I don’t remember exactly when it was, but at some point in a lesson, someone asked the question about how did Adam and Eve’s sons have children when there were no other references to women being created after Eve? Not an unreasonable question to ask and certainly one that children will zone in on sooner or later.
People tend to only remember Cain and Abel, but the Bible does specifically mention that Adam and Eve had more children, including daughters. The answer given at the time was that the only possible solution is that Adam and Eves sons must have married their sisters. Cue sounds of ‘ewww’ from the assembled class.
If someone believes in the literal seven day creation and that all of mankind is descended from Adam and Eve, then there really is the one conclusion to come to. That first family had no option but to engage in incest. A titbit I would repeat years later as a leader on a Christian summer camp when faced with the same question, provoking the same ‘ewww’ response.
What about the ribs!
The knowledgeable will know that Eve supposedly came from Adams rib. This was used to confirm the fact that men have an extra rib on one side of their body; or rather a missing rib on one side of their body.
Firstly, why should Adam having his rib removed to create Eve mean that all his descendents will also have one rib missing? People who have parts of their body removed do not produce offspring with that same part missing. The assumption that God removing Adams rib means that all men will have a missing rib has no basis in Biblical teaching or logical thought.
As a child I accepted the fact without question. Even if the Genesis account of Adam and Eve was true, there is no reason at all, anywhere, that equates to all descended men having a missing rib.
As it happens, men do not have a missing rib. It proves nothing on its own, but it’s a daft thing to believe anyway.
Reading those first few chapters of Genesis with a critical eye brings up many questions. Why put a mark on Cain when everyone one around would have been related to him anyway and so know what he did? Why would Cain have to build a city when there would not yet have been enough people about to justify a city? Did he build the city single handed? How long did that take? So many questions.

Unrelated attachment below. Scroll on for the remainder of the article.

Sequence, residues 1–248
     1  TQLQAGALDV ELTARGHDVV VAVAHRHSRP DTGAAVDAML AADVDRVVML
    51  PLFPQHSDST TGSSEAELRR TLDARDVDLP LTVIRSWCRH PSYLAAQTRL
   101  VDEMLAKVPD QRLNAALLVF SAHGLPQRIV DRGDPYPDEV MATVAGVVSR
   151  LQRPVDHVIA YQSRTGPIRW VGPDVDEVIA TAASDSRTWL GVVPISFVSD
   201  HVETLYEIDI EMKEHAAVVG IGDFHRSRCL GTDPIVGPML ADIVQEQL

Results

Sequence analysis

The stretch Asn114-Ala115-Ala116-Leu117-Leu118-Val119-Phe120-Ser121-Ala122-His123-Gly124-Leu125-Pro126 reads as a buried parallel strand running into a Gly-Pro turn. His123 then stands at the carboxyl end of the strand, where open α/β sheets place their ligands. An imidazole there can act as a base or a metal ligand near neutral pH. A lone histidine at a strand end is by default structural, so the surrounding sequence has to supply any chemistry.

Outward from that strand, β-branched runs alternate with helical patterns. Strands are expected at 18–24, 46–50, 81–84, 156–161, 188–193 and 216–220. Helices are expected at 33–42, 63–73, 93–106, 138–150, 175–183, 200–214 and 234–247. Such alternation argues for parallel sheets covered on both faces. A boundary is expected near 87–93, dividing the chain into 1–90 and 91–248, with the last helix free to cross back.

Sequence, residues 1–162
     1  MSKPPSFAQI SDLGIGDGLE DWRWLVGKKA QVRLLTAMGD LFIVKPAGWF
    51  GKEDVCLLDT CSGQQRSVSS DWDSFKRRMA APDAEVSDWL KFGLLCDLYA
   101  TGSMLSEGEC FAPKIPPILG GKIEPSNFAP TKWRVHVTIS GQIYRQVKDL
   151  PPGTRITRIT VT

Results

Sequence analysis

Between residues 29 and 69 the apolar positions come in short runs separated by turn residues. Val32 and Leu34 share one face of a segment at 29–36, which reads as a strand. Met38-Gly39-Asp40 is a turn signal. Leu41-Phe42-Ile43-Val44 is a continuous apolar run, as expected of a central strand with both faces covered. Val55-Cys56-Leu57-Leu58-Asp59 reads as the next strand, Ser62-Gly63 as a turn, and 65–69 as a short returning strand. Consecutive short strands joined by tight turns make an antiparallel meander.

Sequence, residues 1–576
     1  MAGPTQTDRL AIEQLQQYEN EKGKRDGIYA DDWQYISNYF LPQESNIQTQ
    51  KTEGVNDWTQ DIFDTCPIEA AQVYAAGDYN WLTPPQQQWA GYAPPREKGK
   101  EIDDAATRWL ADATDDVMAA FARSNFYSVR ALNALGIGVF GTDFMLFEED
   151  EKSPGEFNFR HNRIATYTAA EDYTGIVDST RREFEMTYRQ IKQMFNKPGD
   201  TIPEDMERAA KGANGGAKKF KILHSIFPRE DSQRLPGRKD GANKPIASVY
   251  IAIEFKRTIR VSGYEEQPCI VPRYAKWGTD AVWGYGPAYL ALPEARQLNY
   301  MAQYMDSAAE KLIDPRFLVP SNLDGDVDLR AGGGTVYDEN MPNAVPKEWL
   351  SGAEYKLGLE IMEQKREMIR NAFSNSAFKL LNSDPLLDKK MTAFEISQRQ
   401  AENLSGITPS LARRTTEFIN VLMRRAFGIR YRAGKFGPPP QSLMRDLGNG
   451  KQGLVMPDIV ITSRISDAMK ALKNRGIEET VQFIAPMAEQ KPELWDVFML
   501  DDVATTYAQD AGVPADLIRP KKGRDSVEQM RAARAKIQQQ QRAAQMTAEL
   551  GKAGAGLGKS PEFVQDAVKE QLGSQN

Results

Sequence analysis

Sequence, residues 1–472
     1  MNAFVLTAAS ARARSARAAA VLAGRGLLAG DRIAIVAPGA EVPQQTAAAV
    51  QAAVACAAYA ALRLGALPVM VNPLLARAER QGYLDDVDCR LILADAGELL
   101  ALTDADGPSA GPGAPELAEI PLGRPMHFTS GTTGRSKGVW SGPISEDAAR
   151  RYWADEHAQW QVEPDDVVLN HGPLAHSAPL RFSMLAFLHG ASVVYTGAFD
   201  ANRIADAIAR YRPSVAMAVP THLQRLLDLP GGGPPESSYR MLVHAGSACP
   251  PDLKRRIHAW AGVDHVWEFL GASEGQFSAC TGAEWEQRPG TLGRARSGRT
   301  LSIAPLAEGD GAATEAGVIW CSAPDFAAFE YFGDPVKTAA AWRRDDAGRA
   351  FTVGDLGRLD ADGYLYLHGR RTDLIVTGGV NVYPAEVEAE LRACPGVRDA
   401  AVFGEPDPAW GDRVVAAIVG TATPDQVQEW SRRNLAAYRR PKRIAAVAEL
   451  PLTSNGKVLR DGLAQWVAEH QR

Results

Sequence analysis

Not to be taken literally
Now would be a good point to bring in the fact that serious scholars do not consider that the beginning of Genesis was written to be a literal account. It is meant as an indication that God created everything and that sin is a human thing and that God reserves the right to punish his creation. That’s very simplistic, but the main point I want to make here is that to the early writers and those who would read this years later; this is not meant to be a description of what God did, merely a setting up of what we see is God’s creation.
The literal interpretation is a much more modern thing.
Still, as a young child with no reason to question this further, I didn’t. So the seed that was to become an adult creationist was sown.
A very nice description of the difference between an literal and a allegorical interpretation of Genesis. The allegorical interpretation seems such a natural fit for the text that it is amazing that conservative Christians would insist on the literal one.
Thanks for the comment. The question of allegorical vs litteral is one that I have faced many times and is something I intend to follow up on in greater detail in future posts.
For me personally, facing this question honestly and critically was the start of my movement from Young Earth Creationist, to old earth believer and then eventually to atheism. So its an important part of my story.
Over the last few weeks I have been rewriting my blog.
LAC picked up on something I had written and that took me to her blog and a link to D’Ma. I’ve only read a few of their posts and noticed one of yours that referred to not coming out to your wife.
When I find a new blog I almost always look back to the beginning to get an idea of what is prompting the blog.
I’ve been outside the walls of traditional Christianity for some 40 years and seem to have developed a bit of a reputation for asking the awkward questions to which there are no easy answers.
I have come to the conclusion that there is an enormous difference between the Christian RELIGION and the Christian FAITH.
Although I have no doubt that God exists I do sometimes wonder whether I should stop calling myself a Christian (a believer in Christendom).
Would you be interested in sharing something of your story?
Thank you for the comment and my apologies for taking my time in approving your comment, I have been away and only just had the chance to catch up on my ‘internet commitments’.
In answer to your question about my story, its a journey from devout faith to reasoned denial. This blog is tells that story as best I can recall and I am trying to keep it chronological. The best I can suggest to you is that you start at the beginning and work through. Of course I will be happy to answer any specific questions.
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